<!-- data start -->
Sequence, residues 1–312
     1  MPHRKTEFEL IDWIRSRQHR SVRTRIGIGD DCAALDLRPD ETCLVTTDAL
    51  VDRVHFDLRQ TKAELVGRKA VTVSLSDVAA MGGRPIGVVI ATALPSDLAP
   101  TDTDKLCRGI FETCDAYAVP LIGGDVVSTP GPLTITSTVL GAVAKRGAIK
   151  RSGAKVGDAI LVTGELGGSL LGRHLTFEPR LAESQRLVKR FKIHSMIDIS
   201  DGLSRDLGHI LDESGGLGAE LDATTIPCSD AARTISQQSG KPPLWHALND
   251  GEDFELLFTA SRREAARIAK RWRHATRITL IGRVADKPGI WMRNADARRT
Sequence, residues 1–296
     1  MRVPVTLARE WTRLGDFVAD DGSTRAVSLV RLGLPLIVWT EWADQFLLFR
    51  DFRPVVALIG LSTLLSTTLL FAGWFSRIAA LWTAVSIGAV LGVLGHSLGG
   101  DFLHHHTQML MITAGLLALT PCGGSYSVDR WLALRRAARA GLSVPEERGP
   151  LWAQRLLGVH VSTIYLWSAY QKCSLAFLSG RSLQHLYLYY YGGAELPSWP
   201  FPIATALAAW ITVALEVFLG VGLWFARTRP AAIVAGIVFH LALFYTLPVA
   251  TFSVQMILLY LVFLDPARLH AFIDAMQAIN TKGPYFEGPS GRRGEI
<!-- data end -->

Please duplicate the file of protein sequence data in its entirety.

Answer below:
Sequence, residues 1–312
     1  MPHRKTEFEL IDWIRSRQHR SVRTRIGIGD DCAALDLRPD ETCLVTTDAL
    51  VDRVHFDLRQ TKAELVGRKA VTVSLSDVAA MGGRPIGVVI ATALPSDLAP
   101  TDTDKLCRGI FETCDAYAVP LIGGDVVSTP GPLTITSTVL GAVAKRGAIK
   151  RSGAKVGDAI LVTGELGGSL LGRHLTFEPR LAESQRLVKR FKIHSMIDIS
   201  DGLSRDLGHI LDESGGLGAE LDATTIPCSD AARTISQQSG KPPLWHALND
   251  GEDFELLFTA SRREAARIAK RWRHATRITL IGRVADKPGI WMRNADARRT
Sequence, residues 1–296
     1  MRVPVTLARE WTRLGDFVAD DGSTRAVSLV RLGLPLIVWT EWADQFLLFR
    51  DFRPVVALIG LSTLLSTTLL FAGWFSRIAA LWTAVSIGAV LGVLGHSLGG
   101  DFLHHHTQML MITAGLLALT PCGGSYSVDR WLALRRAARA GLSVPEERGP
   151  LWAQRLLGVH VSTIYLWSAY QKCSLAFLSG RSLQHLYLYY YGGAELPSWP
   201  FPIATALAAW ITVALEVFLG VGLWFARTRP AAIVAGIVFH LALFYTLPVA
   251  TFSVQMILLY LVFLDPARLH AFIDAMQAIN TKGPYFEGPS GRRGEI